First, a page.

One of the other useful features is that you can add any file - not just book formats. For example, I have another smaller library with some role playing game materials. Not only could I add the pdf's of the books, but I can add images and even sound files, and then catalog them if I want, just as if they were a book. You wouldn't use this as an image viewer or an audio player, but it's useful for keeping those files organized - say you had a book on making a camp stove, and you could keep with it a jpg image and even a short video showing how.

Labeling each catalogued book/dvd/etc. with a library label, and then shelving properly, is the other side of the equation to keep track of your materials. If you don't like library labels, or don't want the expense, print the Library of Congress (LOC) cataloging/shelving number in pencil on the inside front or rear cover. Or whichever system you're cataloging under. Since you have a small private library with few/only one user(s), this should be sufficient to keep stuff organized. If you really need a little more prompting, manilla folders with major LOC divisions sticking out from among the books at the appropriate places can be helpful.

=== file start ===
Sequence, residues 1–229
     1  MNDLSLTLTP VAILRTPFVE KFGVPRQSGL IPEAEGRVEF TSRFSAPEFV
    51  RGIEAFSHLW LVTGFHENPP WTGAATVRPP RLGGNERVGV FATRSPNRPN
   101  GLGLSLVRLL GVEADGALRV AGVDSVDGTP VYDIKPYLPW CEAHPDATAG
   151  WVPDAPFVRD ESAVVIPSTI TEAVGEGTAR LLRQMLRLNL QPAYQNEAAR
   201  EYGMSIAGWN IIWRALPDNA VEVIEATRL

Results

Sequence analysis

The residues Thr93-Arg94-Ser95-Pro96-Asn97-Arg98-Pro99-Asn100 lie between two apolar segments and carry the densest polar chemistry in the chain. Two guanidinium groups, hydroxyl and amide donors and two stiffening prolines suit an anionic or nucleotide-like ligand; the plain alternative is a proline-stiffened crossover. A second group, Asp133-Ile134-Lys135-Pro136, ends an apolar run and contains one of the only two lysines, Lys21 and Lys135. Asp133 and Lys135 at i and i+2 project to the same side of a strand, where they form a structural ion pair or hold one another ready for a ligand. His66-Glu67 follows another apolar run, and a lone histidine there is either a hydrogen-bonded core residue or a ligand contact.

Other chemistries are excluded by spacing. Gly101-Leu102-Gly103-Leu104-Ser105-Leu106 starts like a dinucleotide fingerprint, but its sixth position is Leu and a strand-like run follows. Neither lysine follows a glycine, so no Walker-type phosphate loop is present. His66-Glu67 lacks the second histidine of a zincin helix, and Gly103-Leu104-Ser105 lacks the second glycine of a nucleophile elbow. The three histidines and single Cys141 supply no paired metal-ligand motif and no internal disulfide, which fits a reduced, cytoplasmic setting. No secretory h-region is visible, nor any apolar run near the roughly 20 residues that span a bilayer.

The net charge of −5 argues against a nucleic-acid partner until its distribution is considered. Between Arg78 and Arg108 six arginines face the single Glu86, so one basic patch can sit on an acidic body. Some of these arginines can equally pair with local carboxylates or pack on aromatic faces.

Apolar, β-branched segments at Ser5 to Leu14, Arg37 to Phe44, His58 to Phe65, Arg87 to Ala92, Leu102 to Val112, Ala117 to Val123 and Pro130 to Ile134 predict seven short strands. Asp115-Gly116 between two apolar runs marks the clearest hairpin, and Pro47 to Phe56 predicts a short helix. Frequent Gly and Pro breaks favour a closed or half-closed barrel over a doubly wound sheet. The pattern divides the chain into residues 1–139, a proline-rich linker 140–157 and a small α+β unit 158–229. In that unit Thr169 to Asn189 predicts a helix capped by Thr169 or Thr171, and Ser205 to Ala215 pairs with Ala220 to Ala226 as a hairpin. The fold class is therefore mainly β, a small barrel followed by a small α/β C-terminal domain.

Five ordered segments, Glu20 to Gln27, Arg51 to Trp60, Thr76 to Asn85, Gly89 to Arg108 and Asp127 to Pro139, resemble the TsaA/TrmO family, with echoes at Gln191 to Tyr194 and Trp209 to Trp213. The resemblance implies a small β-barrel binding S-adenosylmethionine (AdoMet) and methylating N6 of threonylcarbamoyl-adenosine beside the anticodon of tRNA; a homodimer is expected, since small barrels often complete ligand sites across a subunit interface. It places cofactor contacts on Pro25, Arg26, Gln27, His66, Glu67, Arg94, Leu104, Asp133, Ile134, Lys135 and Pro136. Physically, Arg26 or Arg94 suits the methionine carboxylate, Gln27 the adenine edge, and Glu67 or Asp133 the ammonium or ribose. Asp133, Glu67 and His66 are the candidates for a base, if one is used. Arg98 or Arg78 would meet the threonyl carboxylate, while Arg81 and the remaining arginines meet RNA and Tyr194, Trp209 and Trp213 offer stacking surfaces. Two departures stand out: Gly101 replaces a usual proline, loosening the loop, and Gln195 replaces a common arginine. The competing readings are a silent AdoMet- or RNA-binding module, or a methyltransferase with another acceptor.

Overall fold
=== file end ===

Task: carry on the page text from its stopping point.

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Old 12-04-2019, 11:17 PM
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If I could only have one book in hard-copy, it would be a Bible. I like the Henry Morris Study Bible, but if I have to di-di-mao, then an itty bitty Bible double-wrapped in Zip locs is much more practical (portability and hidability).

If there were room for a few more hard-copy books, I'd include a hymnal.

Electronic duplication of your favorite Bible version and hymnal in pdf format. There are also multi-media electronic formats. I like the audible dramatized KJV Bible (Scourby), and the CDs/mp3s that are available for hymns and liturgies. This way, no instrument is needed to accompany worship/home devotions, but there is music available. And an audible Bible or hymnal is nice to play when you need to take a break from taking care of/reading to someone, or you have to go do a necessary task.